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Local coverage slashed as ABC takes knife to budget

08/09/2019 | 杭州夜生活 | Permalink

CONSOLE: Staff embrace at ABC studios in Ultimo after hearing of the changes. Picture: Wolter PeetersREGIONAL news, current affairs and sports coverage at the ABC will be slashed and more than 400 jobs lost as budget cuts start to bite the public broadcaster.
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Managing director Mark Scott has revealed a raft of proposed changes to programming, operations and structures to offset $254 million in lost government funding over the next five years.

About 10 per cent of ABC’s workforce faces the axe, including management, with foreign bureaus restructured and a post opened in Beirut.

“It’s a sad day for all of us – no one takes any joy with the job cuts that we face,” Mr Scott said.

“It’s a very significant job cut and those job cuts are going to have an impact right across the organisation.”

Prime Minister Tony Abbott has denied he broke an election pledge not to cut funding to the ABC and SBS.

Mr Abbott insisted his government had “fundamentally kept faith with the Australian people”.

“We never promised special treatment for the ABC or SBS,” he told Parliament on Monday.

Five regional radio posts – in Wagin (WA), Morwell (Vic), Gladstone (Qld), Port Augusta (SA) and Nowra (NSW) – will be shut down, as well as the ABC’s Adelaide television production studio.

As predicted, state editions of the ABC’s 7.30 program will be axed and replaced with a national show on Fridays while Lateline will be moved to a new fixed timeslot on ABC News 24.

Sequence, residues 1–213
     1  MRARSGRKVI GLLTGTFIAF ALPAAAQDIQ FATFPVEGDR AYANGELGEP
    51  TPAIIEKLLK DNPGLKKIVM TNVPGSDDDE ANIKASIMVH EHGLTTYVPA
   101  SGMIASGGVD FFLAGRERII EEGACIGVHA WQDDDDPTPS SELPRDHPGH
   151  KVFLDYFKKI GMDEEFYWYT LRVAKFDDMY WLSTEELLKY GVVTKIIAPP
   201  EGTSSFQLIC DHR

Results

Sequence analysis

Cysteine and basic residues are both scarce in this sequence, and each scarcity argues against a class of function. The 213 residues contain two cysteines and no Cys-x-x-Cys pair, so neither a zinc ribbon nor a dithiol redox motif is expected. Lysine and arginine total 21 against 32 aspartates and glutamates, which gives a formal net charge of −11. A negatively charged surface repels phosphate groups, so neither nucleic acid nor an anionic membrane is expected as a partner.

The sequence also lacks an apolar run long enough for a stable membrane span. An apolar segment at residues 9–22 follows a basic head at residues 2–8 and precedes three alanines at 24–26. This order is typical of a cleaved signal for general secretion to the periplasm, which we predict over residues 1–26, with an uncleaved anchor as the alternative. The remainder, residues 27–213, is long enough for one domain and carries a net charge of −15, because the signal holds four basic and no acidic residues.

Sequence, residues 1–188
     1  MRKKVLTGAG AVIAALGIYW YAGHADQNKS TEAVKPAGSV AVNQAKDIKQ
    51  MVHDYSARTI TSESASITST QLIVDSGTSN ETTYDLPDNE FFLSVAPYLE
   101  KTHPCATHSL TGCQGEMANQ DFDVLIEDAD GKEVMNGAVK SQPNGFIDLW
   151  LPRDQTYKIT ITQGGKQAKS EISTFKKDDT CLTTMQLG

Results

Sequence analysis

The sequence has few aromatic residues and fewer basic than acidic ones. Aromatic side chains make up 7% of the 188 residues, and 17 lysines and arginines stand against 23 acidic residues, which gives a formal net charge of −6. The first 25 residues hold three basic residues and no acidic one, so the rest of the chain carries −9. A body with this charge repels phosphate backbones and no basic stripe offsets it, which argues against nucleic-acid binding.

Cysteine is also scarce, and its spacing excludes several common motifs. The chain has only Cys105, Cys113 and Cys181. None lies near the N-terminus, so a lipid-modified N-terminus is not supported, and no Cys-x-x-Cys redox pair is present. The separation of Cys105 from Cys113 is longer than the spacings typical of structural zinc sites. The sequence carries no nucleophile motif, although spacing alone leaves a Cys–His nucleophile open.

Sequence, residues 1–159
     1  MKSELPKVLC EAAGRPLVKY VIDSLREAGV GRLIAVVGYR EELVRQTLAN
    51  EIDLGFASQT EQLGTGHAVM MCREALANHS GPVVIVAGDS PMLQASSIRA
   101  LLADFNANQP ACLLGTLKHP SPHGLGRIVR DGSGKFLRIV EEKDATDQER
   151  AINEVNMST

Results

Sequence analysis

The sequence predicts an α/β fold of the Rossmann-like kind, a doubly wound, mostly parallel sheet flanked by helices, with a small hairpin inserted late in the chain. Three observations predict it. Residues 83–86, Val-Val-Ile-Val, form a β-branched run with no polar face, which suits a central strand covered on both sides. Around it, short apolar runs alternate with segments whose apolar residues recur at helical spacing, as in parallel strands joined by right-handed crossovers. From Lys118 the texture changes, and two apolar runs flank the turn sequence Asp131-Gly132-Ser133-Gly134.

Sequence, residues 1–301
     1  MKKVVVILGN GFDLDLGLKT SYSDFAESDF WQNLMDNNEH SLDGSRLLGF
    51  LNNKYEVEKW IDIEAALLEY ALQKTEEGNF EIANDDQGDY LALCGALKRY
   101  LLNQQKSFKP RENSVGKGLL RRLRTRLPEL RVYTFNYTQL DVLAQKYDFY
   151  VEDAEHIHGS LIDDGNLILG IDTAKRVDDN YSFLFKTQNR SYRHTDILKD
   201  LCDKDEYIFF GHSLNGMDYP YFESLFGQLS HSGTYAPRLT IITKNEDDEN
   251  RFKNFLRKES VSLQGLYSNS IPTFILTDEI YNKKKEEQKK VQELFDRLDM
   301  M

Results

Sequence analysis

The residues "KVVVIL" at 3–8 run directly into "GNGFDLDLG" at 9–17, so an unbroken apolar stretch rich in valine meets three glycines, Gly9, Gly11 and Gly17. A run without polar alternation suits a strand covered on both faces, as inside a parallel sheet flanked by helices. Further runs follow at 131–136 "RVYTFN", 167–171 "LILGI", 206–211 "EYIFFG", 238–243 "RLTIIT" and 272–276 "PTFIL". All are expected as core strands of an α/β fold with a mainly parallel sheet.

ABC TV will scrap its outside broadcast vans, with state-based sports competitions including the women’s soccer and basketball leagues, Sydney club rugby and other state football leagues facing the chop.

Under flagged changes to radio, hourly news bulletins will be halved to five minutes and fewer concerts recorded for ABC Classic FM.

Among the other 40-plus proposals, Radio National’s rural program, Bush Telegraph, will be axed.

Using the savings, Mr Scott said a “war chest” of $20 million would be established to reinvest in online and mobile.

He said he didn’t want the ABC to be viewed as “negligent” down the track when the “revolution was very clear”. AAP

Trial witness ‘withheld information’

08/09/2019 | 杭州夜生活 | Permalink

A WITNESS in the trial of a man charged with causing a horrific crash that killed two girls at East Maitland has been accused of withholding information from a triple-0 operator, Newcastle District Court has heard.
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The witness, who cannot be identified, denied the claim and any suggestion that he was the driver when the Ford Falcon crashed off Raymond Terrace Road before midnight on January 12, 2011.

The prosecution alleges another man, aged 17 at the time, was the driver.

He has pleaded not guilty to two counts of manslaughter, two alternative counts of dangerous driving occasioning death and one count of dangerous driving occasioning grievous bodily harm.

Six teenagers were in the car. Two girls died while four males survived.